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Thoughts on The Screwtape Letters

Comprising most of Lewis' writings.

Thoughts on The Screwtape Letters

Postby Peepiceek » 30 Dec 2007, 20:38

I'm happy to report I have taken my first tenative step outside of my CS Lewis comfort zone. Until now I had only read CON albeit several times. It becomes abundantly clear to me that CON was indeed written for children and Screwtape was most assuredly not. I had no Idea Jack wrote on this intellectual level. I'm reminded of my transition from high school to freshman college where I learned I was not half so smart as I thought I was.

I find the book primarily disturbing on a religious level well beyond the itellectual level of giving my dictionary a sound workout. I thought I had it all figured out, that is to say I followed the simple three step plan to salvation. If it is to be believed that each of us has out own Wormwood to deal with my first reaction was: I'm doomed. I seem to have fallen into many of the pitfalls Screwtape is describing. Hopefully I'm am at least correct in my belief that in the end it will come down to a simple decision to look Christ in the face and love Him or run away into the darkness.

More to come. I have finished letter 23 and may immediately reread the book when finished for further comprehension. Perhaps I should record my thoughts one letter at a time.
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Re: Thoughts on The Screwtape Letters

Postby Karen » 30 Dec 2007, 20:45

Peepiceek wrote:I followed the simple three step plan to salvation


There's a simple three-step plan? I'm not being facetious, I have truly never heard of such a thing....
I have always imagined that paradise will be a kind of library. -- Jorge Luis Borges
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Postby Peepiceek » 30 Dec 2007, 21:23

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Postby Paul F. Ford » 30 Dec 2007, 22:19

Peepiceek,

Please do me/us a favor, while your first reading of The Screwtape Letters is still fresh, make note of the words, phrases, and concepts you did not understand; and send them to me for my annotated version.

In return, I promise to address each of them in this forum.

Gratefully,
Paul
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Re: Thoughts on The Screwtape Letters

Postby Tuke » 30 Dec 2007, 23:17

Peepiceek wrote:.... If it is to be believed that each of us has out own Wormwood to deal with my first reaction was: I'm doomed. I seem to have fallen into many of the pitfalls Screwtape is describing. Hopefully I'm am at least correct in my belief that in the end it will come down to a simple decision to look Christ in the face and love Him or run away into the darkness.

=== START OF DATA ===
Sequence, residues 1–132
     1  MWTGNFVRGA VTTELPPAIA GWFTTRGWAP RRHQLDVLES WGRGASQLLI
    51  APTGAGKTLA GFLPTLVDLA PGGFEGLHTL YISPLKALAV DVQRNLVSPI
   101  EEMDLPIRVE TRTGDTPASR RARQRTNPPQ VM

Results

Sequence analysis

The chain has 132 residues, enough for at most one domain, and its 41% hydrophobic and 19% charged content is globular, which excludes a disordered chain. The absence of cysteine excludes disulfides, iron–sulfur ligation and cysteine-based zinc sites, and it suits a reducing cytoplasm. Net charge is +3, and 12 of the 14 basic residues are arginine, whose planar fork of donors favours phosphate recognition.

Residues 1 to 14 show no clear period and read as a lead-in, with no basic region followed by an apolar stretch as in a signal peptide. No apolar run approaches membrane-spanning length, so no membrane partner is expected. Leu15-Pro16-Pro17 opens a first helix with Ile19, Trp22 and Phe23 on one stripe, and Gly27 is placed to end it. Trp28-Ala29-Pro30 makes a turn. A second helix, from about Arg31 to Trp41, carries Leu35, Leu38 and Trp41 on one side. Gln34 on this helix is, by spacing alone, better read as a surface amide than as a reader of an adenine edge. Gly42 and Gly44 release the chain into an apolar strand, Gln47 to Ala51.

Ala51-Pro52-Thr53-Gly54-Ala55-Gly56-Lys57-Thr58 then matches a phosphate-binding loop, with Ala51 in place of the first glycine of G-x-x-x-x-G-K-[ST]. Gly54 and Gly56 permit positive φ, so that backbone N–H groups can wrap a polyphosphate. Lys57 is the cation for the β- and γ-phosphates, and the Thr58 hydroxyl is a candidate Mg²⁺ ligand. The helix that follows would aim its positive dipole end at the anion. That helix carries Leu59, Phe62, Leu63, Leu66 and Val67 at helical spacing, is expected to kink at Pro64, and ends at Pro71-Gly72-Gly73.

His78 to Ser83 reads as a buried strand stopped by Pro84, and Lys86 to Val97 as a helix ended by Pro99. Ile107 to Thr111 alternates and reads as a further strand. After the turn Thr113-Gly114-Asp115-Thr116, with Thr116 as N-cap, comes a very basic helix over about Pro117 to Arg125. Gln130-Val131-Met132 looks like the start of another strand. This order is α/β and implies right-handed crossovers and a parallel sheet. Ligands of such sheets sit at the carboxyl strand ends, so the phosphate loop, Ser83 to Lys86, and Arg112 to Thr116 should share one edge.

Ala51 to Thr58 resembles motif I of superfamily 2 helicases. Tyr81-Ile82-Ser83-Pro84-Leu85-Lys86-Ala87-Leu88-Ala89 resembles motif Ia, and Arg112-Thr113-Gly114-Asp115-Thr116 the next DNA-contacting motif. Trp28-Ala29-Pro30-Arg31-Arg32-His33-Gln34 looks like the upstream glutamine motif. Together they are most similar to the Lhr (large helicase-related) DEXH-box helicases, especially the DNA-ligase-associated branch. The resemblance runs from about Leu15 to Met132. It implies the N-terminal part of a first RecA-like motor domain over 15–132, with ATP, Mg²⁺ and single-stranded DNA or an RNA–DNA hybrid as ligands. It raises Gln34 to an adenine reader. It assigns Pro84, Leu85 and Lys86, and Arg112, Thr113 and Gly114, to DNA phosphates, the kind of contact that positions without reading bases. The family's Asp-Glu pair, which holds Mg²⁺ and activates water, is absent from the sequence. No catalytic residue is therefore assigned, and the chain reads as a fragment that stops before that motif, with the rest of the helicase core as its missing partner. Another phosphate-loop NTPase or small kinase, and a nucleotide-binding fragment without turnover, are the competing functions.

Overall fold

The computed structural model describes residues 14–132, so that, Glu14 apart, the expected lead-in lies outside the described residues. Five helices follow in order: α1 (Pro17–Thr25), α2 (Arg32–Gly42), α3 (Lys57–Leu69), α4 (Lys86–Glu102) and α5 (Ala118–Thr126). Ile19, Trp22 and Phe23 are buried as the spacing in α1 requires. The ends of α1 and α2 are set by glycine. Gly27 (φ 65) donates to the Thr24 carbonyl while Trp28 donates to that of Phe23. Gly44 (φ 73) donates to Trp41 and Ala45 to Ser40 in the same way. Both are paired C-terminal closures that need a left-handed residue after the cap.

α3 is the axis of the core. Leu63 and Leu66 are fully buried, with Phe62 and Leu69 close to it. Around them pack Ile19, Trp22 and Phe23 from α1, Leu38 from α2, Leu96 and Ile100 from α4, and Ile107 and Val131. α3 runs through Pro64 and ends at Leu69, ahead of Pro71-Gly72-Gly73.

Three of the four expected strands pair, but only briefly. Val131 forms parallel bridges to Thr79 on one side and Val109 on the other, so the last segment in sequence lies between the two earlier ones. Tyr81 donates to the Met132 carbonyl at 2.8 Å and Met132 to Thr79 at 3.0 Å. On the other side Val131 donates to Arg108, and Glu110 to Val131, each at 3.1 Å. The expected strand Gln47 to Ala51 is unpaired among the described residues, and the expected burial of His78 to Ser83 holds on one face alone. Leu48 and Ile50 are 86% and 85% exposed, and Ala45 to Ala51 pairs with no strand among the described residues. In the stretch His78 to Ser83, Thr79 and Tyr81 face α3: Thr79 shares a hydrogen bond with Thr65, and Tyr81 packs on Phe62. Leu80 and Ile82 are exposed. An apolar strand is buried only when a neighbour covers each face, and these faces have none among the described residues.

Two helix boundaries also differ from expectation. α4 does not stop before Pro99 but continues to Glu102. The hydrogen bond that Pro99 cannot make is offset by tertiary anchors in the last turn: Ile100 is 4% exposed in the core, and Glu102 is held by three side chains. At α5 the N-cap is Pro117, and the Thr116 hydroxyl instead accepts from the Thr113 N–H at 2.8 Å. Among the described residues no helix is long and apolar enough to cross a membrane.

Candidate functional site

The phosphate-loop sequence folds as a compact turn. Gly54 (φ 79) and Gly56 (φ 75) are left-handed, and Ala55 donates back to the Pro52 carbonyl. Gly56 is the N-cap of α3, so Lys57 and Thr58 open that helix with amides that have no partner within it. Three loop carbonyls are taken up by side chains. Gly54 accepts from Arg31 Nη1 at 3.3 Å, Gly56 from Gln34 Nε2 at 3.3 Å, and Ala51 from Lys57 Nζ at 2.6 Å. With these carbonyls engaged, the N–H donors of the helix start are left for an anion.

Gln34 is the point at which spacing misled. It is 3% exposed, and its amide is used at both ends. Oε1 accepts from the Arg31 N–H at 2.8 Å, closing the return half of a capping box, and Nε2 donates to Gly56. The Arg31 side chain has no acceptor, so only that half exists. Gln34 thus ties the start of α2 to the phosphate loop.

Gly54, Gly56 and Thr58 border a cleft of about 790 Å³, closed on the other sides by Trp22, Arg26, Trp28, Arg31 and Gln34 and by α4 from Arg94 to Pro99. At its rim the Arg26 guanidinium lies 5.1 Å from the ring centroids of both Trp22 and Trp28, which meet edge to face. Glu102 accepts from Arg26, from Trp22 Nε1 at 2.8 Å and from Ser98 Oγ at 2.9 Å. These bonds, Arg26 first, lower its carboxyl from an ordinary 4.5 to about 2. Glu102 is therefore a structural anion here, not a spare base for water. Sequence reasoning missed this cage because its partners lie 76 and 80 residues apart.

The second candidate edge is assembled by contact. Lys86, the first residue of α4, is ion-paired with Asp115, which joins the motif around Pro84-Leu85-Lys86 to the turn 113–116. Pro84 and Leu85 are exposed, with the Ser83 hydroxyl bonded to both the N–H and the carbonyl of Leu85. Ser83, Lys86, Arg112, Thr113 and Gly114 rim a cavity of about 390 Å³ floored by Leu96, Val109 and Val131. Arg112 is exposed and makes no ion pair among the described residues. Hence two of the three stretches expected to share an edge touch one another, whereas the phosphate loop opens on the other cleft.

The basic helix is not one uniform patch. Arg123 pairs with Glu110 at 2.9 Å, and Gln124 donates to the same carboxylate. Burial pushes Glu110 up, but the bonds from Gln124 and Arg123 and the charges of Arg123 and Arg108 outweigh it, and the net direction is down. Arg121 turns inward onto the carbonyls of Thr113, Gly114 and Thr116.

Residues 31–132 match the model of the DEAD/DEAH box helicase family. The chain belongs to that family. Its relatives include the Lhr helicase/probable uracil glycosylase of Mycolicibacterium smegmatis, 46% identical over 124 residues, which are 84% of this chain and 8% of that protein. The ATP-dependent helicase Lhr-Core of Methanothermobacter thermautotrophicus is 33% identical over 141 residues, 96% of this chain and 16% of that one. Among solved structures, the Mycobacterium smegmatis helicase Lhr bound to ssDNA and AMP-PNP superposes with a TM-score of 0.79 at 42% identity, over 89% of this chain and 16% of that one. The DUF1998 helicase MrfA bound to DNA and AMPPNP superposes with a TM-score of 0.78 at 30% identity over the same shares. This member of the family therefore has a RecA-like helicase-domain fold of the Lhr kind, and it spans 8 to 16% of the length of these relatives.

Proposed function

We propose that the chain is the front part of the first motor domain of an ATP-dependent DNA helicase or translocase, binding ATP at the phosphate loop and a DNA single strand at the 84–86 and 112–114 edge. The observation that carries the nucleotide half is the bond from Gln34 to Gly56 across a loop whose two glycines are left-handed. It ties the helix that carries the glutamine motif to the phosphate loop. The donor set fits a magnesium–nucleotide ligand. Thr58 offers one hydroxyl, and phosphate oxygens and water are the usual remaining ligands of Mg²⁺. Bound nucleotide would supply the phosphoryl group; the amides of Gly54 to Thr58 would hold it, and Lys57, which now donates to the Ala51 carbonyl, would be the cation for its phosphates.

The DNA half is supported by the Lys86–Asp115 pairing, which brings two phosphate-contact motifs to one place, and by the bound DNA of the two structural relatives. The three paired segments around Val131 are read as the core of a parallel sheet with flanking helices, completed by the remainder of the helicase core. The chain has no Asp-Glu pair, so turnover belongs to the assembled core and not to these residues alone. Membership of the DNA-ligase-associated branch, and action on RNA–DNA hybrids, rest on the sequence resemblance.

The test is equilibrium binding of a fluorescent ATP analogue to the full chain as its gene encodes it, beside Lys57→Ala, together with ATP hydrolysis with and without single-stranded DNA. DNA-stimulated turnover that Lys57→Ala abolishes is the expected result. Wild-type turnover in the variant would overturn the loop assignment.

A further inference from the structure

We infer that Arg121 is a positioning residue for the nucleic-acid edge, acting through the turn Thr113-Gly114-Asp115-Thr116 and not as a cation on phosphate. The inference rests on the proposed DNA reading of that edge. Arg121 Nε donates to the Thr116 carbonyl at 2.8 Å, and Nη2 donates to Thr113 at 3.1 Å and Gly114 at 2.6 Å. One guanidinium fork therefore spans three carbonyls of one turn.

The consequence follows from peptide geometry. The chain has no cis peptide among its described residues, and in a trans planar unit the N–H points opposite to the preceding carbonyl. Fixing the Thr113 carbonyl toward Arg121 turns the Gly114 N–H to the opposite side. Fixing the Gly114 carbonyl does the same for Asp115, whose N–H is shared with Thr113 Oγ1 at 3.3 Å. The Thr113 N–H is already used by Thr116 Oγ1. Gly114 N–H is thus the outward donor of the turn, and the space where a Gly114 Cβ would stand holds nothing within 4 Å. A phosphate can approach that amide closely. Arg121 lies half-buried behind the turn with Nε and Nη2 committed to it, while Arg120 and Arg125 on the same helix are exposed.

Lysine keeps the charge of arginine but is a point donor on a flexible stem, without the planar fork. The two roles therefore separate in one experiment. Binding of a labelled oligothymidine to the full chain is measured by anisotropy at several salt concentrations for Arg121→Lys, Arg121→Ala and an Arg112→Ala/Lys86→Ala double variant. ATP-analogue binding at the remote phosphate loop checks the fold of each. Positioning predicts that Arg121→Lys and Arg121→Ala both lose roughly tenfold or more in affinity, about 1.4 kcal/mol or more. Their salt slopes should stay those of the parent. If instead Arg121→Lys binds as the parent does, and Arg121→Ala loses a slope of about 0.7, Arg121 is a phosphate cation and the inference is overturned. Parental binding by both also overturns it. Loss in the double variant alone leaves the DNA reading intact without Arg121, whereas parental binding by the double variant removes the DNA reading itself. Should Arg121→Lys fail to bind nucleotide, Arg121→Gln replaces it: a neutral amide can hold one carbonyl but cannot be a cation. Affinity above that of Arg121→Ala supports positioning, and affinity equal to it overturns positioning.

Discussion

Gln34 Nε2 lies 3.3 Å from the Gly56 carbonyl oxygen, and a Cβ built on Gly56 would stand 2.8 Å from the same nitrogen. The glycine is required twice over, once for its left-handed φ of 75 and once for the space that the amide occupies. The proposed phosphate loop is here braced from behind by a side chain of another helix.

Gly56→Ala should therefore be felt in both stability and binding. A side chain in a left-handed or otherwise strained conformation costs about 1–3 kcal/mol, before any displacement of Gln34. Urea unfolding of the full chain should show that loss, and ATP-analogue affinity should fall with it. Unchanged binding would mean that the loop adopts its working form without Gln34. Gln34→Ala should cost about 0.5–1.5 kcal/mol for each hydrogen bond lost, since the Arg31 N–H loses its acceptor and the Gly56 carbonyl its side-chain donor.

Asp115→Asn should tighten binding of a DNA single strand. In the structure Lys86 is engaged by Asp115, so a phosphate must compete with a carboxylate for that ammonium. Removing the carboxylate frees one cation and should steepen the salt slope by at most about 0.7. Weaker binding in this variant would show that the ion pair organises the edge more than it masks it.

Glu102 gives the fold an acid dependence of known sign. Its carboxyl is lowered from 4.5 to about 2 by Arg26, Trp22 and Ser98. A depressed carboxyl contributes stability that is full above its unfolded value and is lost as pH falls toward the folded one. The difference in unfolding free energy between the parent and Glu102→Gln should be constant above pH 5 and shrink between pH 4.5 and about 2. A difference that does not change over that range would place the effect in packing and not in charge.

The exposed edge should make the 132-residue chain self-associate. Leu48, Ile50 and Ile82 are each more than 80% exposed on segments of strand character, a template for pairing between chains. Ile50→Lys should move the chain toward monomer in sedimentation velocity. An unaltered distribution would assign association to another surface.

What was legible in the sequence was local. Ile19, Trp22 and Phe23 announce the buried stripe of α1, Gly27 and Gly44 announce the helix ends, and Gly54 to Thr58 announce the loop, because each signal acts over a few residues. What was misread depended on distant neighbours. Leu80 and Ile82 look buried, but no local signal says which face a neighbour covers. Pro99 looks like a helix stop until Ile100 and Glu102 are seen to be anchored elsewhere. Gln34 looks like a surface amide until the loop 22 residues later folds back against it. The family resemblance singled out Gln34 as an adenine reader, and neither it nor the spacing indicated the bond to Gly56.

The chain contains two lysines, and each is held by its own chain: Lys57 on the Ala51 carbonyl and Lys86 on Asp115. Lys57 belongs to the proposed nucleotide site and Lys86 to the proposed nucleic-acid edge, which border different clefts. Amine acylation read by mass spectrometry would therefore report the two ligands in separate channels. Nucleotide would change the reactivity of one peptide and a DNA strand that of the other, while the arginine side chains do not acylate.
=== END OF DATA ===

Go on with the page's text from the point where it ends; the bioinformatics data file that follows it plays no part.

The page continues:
....
Though not stated, I'm confident Lewis had Romans VIII.31 and I John IV.4 in mind as the key to unlocking Screwtape (which is looking Christ in the face and loving Him, as you say).
"The 'great golden chain of Concord' has united the whole of Edmund Spenser's world.... Nothing is repressed; nothing is insubordinate. To read him is to grow in mental health." The Allegory Of Love (Faerie Queene)

2 Corinthians IV.17 The Weight of Glory
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Postby Paul F. Ford » 31 Dec 2007, 00:46

Good response, Tuke! You remind me to tell Peepiceek that Lewis is NOT teaching that each of us has a guardian devil. Wormwood is part of the fiction of The Screwtape Letters.

Thank God we are ALL under the Mercy.

Blessings,
Paul
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Postby rusmeister » 31 Dec 2007, 02:16

FTR, Screwtape speaks of the patient as being Christian. He never speaks of him as being 'saved'. Indeed, the entire battle seems to indicate that the patient is not saved until the end.
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Postby Peepiceek » 31 Dec 2007, 11:55

Paul, I would love to help out. I will immediately reread the book when I finish it and write down my thoughts on each letter as I finish it. May that not be construed as flooding. Tuke, you are then confirming then that I am correct? That Lewis' point is that the devils are ridiculous and impuissant despite their intricate and overcomplicated plans to fuddle us because salvation is just as simple as I imagine and hope it to be? If Screwtape (the character) is to be believed Christianity is akin to brain surgery or rocket science and only a very wise and select few would ever make it through alive. The passage you mention is very close to one of my personal favorites which gives me great hope that Screwtape despite his long-winded verbiage doesn't heve the first clue what he is about. I speak of First John 4:8 and that Screwtape has not even the basest understanding of love, denying that it even exists and that God must be 'up to something' in creating us.